Rising Women Interview
I make an effort to voice any concerns I have to bring positive changes.
Please introduce yourself.
My name is Yuki Tsutsui, and I am the manager of a sushi restaurant called Nadeshico Sushi, the world’s first all- female staff restaurant, and the vice president of our company.
Please tell us what you mainly do now, and how this came to be.
I first started off working in a department store. When I was a student, I worked part-time in a sushi restaurant that was in the department store, and because of this, it was natural for me to find the department store a place of comfort and somewhere I could naturally be. It was only a matter of time before I considered it a place for my full-time job. I had attended college at an art school. It sat well with me that I worked at a department store where they sold a variety of products. I liked the fact that I could somewhat control what was being sold as well. As I neared graduation from my college and came to realize that it was difficult to secure a job in the art world, I was easily able to remember working at the department store. All my past experiences have really had an effect on me.
Please tell us what a typical day looks like for you.
On the days when I have work, I am in from the morning preparing the food for the day, but even on days where I am not expected to work in the restaurant, I am at the restaurant at 8-9 a.m. to leave the supply I procured. Once I finish, I take the train to meet my schedule of the day. While I’m on the train, I surf through various social network platforms, and I drink tea and relax when I’m in cafes. I use times like these to think about and jot down memos about the future of my restaurant and my own career. After that, I usually go to a yoga studio, and then head home.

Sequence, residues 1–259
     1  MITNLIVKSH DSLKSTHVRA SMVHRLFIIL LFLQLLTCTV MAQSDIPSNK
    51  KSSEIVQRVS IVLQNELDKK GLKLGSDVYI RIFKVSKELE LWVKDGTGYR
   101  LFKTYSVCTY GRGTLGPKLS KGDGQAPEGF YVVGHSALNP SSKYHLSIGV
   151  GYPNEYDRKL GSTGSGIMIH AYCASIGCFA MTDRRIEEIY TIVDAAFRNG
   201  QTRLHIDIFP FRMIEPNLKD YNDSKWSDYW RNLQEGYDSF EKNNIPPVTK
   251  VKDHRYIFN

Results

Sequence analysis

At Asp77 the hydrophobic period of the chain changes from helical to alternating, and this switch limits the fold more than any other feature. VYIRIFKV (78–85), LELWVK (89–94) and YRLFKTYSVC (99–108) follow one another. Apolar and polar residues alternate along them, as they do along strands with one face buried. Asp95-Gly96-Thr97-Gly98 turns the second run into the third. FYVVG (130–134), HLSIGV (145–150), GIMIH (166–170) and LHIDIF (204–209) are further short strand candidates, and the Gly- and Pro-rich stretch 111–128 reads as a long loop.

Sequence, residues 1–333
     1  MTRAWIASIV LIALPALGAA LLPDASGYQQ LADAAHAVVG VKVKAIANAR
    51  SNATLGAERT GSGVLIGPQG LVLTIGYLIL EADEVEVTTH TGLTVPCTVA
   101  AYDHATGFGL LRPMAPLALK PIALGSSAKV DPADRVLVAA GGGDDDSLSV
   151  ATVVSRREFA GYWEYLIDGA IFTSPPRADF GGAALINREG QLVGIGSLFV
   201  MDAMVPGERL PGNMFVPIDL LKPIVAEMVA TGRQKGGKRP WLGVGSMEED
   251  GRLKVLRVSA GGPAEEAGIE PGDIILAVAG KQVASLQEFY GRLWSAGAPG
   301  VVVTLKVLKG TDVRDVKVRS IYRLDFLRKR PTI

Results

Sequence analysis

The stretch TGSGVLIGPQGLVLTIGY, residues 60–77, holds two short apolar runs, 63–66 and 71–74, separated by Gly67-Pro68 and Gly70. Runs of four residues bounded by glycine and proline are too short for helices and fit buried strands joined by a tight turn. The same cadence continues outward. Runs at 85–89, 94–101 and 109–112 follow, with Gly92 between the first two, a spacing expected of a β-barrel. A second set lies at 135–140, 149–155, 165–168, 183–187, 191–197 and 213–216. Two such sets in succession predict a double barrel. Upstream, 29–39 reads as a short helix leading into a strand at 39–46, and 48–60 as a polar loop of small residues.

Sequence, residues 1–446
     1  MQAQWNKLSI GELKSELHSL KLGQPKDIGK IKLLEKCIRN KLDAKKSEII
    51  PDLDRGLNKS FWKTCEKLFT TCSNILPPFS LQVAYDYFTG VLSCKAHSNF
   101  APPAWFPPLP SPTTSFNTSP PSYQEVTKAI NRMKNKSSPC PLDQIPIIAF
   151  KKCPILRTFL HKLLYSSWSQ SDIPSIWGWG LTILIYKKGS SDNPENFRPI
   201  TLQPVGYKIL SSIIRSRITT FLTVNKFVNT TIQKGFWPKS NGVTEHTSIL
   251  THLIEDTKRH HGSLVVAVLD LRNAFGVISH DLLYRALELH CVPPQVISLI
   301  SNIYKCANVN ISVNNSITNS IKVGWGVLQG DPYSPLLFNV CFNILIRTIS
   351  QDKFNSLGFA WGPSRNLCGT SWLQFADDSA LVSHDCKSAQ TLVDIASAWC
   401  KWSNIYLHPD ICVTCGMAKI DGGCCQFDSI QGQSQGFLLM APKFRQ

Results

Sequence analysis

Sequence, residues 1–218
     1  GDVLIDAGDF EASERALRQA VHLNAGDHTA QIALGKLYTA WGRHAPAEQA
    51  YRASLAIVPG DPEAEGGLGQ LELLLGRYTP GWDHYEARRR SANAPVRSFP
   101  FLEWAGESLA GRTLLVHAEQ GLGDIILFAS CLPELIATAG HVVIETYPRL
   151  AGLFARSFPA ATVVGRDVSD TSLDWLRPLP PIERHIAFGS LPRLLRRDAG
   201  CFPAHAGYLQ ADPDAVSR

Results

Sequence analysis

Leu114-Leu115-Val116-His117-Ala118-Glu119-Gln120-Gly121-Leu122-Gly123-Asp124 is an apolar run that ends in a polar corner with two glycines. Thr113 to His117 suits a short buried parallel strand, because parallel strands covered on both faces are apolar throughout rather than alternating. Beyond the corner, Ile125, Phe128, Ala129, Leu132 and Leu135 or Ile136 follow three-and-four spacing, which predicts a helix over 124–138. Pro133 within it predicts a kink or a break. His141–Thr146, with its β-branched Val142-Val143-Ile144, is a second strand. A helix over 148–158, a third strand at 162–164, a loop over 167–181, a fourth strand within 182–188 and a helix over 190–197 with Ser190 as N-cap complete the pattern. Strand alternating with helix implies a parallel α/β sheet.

Please tell us what you have done in the past that you felt was extremely worthwhile, and other experiences where you felt was difficult.
My career as a female sushi chef. It is absolutely normal in Japan for people to regard sushi chefs as something only men do, but I am working on breaking this stereotype. As a female sushi chef, there is little space for me in the world. However, I find it worthwhile to start from zero and try to establish a place in the world for female sushi chefs like me. I can’t help but know that I am doing something very big, and this helps me to push on. Because there is nothing determined on what a female sushi chef should look like, I find it easy to try out different things and make changes if it doesn’t work. This is probably something that not many people get to do with their jobs, so I love that I can do so being in my position now.